Moment of inertia of spherical shell

In summary, the moment of inertia of a spherical shell of radius R and mass M along its rotation axis is given by 2/3MR^2. However, when attempting to calculate this, the individual moment of inertia of a ring (I=MR^2) is used instead of the moment of inertia of a spherical shell. This results in an incorrect calculation due to the spherical shell being an assembly of rings with varying radii. The correct integrand for calculating the moment of inertia is sin^3θ instead of sin^4θ.
  • #1
tsw99
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Homework Statement


Moment of inertia of spherical shell of radius R, mass M along its rotation axis is given by [tex]\frac{2}{3}MR^{2}[/tex]
I am trying to calculate this

Homework Equations


The Attempt at a Solution


This is my attempt but is unsuccessful,
since the spherical shell is an assembly of rings (of varying radius), and the MI of a ring is
[tex]I=MR^{2}[/tex]
Hence [tex]dI=y^{2}dm[/tex]
[tex]I=\int y^2(2\pi \sigma ydz[/tex]
Using [tex]y=Rsin\theta[/tex] and [tex]z=Rcos\theta[/tex]
I get:
[tex]I=2 \pi \sigma R^{4} \int sin^{4}\theta d\theta
=2 \pi \sigma R^{4} \frac{3\pi}{8}
=\frac{3\pi MR^{2}}{16}[/tex]
which is incorrect.

Which step I have gone wrong? Thanks
 
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  • #2
The constant surface charge refers to the spherical surface element which is R^2 sinθ dφ dθ in the spherical polar coordinates. After integrating for φ for a ring, it is dA=2πR^2 dθ. You have to multiply this by σ to get dm, and by the square of the distance from the axis, (Rsinθ)^2. So you have only sin^3 in the integrand. ehild
 

Related to Moment of inertia of spherical shell

1. What is the formula for calculating the moment of inertia of a spherical shell?

The formula for calculating the moment of inertia of a spherical shell is I = (2/3) * m * r^2, where m is the mass of the shell and r is the radius of the shell.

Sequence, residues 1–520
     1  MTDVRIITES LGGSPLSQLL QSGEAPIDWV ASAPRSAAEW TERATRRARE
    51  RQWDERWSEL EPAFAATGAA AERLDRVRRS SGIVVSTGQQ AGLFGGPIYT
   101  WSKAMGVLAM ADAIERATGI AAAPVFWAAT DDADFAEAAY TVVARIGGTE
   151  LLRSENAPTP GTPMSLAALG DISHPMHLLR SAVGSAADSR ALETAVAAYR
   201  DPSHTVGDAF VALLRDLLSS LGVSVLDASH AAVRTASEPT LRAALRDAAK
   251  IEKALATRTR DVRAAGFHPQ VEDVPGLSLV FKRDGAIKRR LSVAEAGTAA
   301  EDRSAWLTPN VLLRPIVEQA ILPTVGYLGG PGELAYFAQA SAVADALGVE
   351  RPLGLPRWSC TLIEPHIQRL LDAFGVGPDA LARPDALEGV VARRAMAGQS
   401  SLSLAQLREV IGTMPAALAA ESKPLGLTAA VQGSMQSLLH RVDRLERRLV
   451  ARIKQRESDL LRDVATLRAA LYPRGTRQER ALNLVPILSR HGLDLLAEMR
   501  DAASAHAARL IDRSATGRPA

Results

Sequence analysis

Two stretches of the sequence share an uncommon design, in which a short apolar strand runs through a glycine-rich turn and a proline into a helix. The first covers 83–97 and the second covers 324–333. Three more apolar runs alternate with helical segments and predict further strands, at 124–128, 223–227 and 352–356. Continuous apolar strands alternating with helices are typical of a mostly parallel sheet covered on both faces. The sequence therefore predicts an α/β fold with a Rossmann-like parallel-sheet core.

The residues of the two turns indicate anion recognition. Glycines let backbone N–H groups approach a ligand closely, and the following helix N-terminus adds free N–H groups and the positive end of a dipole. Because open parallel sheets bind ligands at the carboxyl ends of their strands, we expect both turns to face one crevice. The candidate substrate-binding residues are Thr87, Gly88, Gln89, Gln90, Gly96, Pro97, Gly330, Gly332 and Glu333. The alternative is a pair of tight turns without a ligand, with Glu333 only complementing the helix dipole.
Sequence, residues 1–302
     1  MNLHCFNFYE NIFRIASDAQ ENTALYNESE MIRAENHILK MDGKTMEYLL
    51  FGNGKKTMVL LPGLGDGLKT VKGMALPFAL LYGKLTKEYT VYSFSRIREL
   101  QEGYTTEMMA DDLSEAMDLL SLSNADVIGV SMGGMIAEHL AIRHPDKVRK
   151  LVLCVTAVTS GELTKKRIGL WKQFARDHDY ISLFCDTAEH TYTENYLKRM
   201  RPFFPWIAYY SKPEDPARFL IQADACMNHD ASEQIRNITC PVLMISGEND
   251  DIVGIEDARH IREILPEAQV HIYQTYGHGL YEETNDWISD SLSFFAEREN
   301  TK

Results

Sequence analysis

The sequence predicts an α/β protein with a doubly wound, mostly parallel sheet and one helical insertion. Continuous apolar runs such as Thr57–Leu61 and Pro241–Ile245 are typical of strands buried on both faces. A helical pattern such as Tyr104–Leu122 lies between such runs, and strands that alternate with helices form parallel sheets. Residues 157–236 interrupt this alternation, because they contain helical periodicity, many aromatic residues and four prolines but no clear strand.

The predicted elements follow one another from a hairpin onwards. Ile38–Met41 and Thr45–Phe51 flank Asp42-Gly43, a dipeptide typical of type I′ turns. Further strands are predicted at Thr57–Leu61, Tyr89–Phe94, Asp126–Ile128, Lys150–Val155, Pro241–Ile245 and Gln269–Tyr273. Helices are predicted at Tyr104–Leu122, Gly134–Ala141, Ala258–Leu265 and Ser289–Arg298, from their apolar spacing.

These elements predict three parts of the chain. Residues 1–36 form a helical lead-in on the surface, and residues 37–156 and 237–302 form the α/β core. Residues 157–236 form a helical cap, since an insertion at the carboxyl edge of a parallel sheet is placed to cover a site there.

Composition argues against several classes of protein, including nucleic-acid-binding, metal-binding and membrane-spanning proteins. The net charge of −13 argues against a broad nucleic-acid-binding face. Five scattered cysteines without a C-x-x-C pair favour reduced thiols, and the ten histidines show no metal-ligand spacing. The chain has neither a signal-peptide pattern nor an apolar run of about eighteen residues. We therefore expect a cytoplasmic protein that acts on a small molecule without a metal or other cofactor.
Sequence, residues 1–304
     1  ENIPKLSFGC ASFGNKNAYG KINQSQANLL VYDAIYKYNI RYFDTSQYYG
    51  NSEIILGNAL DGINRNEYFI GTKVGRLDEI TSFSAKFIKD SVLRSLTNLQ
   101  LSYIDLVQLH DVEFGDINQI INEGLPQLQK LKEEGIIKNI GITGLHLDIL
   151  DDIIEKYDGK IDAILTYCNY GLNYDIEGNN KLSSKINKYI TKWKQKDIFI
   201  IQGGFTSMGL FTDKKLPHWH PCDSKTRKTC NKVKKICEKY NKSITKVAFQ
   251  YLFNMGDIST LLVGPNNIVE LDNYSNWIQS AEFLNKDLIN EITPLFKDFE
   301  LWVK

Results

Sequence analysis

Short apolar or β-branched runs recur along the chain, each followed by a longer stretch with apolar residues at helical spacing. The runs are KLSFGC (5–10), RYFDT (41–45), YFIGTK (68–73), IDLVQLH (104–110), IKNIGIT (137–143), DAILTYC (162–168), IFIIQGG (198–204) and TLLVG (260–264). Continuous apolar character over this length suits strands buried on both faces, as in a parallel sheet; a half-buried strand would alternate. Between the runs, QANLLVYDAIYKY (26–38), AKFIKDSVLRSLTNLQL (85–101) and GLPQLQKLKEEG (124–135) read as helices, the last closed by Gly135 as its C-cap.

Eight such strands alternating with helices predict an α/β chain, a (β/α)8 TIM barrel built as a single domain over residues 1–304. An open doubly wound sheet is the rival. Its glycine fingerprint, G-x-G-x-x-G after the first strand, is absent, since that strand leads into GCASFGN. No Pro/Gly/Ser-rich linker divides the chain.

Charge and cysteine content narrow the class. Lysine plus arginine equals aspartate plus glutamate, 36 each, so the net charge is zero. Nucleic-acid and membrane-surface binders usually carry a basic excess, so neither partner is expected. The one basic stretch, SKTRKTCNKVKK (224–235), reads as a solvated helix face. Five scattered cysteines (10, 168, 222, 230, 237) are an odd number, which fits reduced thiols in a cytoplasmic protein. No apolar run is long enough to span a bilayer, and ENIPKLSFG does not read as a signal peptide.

2. How does the moment of inertia of a spherical shell compare to that of a solid sphere?

The moment of inertia of a spherical shell is 2/3 times that of a solid sphere with the same mass and radius. This is because the mass of a solid sphere is distributed evenly throughout its entire volume, whereas a spherical shell only has mass concentrated at its surface.

3. Can the moment of inertia of a spherical shell be negative?

No, the moment of inertia of any object cannot be negative as it is a measure of an object's resistance to changes in rotational motion. Negative values would not make physical sense.

4. How does the moment of inertia of a spherical shell change with respect to the radius?

The moment of inertia of a spherical shell is directly proportional to the square of the radius. This means that as the radius increases, the moment of inertia also increases, and vice versa.

5. How does the moment of inertia of a spherical shell change if the mass is concentrated towards the center instead of the surface?

If the mass of a spherical shell is concentrated towards the center instead of being evenly distributed at the surface, the moment of inertia will decrease. This is because the mass is now closer to the axis of rotation, reducing its moment arm and thus the resistance to rotational motion.

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